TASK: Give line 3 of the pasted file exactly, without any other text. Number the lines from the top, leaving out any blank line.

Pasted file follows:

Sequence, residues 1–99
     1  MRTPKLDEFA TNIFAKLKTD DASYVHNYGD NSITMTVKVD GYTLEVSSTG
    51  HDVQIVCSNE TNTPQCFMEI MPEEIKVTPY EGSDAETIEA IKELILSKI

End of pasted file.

    51  HDVQIVCSNE TNTPQCFMEI MPEEIKVTPY EGSDAETIEA IKELILSKI